Test Yourself For Hidden Bias

category_bug_ageism.gif Hardly anyone is completely free of bias, even, sometimes, against their own kinship groups. tolerance.org, a web project of the Southern Poverty Law Center, notes:

“Studies show people can be consciously committed to egalitarianism, and deliberately work to behave without prejudice, yet still possess hidden negative prejudices or stereotypes. So even though we believe we see and treat people as equals, hidden biases may still influence our perceptions and actions.”

tolerance.org links to a site of Hidden Bias Tests, developed by psychologists at Harvard, the University of Virginia and the University of Washington. Among the topics of these tests are race, gender, weight, religion and (why else would I be telling you about this?) age.

Yesterday, I took the test for age bias and the results were enlightening. For 18 months, I’ve spoken out for older people on this blog and I’ve been researching aging in all its aspects for three or four years. You would think I would be bias-free, but the results came back like this:

“Your data suggest a slight automatic preference for young compared to old.”

That’s discouraging. But not, according to tolerance.org, irredeemably so:

“We would like to believe that when a person has a conscious commitment to change, the very act of discovering one's hidden biases can propel one to act to correct for it. It may not be possible to avoid the automatic stereotype or prejudice, but it is certainly possible to consciously rectify it.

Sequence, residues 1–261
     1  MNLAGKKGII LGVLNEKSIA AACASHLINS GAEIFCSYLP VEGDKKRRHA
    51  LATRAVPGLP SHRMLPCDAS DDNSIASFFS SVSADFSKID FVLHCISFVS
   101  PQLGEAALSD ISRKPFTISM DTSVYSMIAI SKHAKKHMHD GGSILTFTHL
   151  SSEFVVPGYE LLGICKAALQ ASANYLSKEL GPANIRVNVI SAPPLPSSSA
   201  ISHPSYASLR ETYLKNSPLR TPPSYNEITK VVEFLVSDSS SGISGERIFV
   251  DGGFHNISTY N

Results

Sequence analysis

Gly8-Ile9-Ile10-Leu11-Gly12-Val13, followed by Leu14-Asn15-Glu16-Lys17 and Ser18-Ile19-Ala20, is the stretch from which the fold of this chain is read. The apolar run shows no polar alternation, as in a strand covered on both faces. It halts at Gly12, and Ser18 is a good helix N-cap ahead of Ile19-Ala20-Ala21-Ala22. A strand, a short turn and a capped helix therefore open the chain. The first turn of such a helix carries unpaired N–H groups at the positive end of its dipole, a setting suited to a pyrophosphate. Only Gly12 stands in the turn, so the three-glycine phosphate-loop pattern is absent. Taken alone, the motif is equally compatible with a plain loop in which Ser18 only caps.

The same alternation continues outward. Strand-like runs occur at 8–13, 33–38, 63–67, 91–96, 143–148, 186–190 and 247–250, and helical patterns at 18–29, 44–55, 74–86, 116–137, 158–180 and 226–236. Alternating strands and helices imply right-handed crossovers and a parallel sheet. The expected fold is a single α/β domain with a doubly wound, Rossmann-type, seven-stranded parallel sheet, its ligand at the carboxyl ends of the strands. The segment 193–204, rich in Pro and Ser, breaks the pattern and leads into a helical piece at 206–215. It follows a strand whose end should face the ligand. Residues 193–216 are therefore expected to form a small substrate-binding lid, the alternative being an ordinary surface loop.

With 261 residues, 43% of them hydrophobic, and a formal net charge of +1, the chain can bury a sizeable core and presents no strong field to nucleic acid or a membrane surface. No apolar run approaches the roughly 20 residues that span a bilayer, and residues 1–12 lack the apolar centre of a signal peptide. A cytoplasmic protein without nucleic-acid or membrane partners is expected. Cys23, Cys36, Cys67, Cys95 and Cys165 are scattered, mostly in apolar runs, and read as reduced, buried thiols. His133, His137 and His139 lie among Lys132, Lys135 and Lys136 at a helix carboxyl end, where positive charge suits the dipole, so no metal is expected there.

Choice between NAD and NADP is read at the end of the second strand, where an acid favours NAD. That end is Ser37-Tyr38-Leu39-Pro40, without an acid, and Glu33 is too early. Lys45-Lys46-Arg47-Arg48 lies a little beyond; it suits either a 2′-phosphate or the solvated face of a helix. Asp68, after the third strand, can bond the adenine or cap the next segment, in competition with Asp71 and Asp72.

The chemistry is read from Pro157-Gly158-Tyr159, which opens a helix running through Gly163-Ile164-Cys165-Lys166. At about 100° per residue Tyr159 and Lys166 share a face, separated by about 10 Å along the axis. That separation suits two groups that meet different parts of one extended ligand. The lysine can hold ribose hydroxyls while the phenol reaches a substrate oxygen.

“If people are aware of their hidden biases, they can monitor and attempt to ameliorate hidden attitudes before they are expressed through behavior. This compensation can include attention to language, body language and to the stigmatization felt by target groups.”

Are you curious about what your hidden biases might be? Click on over to the tests, follow the simple instructions and try one or two. Then report back here on your score. If it’s not so good, there is no shame in it; personal awareness and commitment to change are what matter. Be sure to read this primer on hidden bias and its effects too.



The Good Old Days

It is a Crabby Old Lady’s inalienable right, now and again, to invoke the “good old days.” Google that phrase, which Crabby did recently, and you get almost 900,000 web pages most of which are saying the good old days never were. But that’s just the cliche used by reporters to show readers how hip and au courant they are.

Crabby thinks she's pretty hip and au courant too, but she wants to remind you that not every old idea is bad, just as not every innovation is progress. And don’t go saying, as you read this, “Yeah, but what about _____________?” Insert polio vaccine, reliable birth control, the internet or any other improvement you think is a worthy trade-off for what’s been lost. Life isn’t a zero-sum game.

Here are some things, in random order as they occurred to Crabby, that were better in her old days:

  • There was no junk mail.
  • There was no hole in the ozone layer.
  • One’s religion was a private, not public, matter – at least where Crabby grew up.
  • Kids actually learned stuff – or they weren’t promoted to the next grade. And grade inflation was unheard of; it took work to earn an A.
  • Voters and not the Supreme Court elected the president.
  • People could afford to pay the dentist, the doctor and the pharmacist in cash.
  • A single-wage-earner family could afford a mortgage and a college education for the kids.
  • The only time police appeared at school was to teach kids how to cross the street safely.
  • It was not a point of honor to work 80-plus hours a week. Employers believed family time was important.
  • Nobody talked in movie theaters.
  • Doctors made house calls.
  • Kids spent summer evenings lying on the lawn imagining the idea of endless space instead of blasting people into oblivion playing Grand Theft Auto on the computer.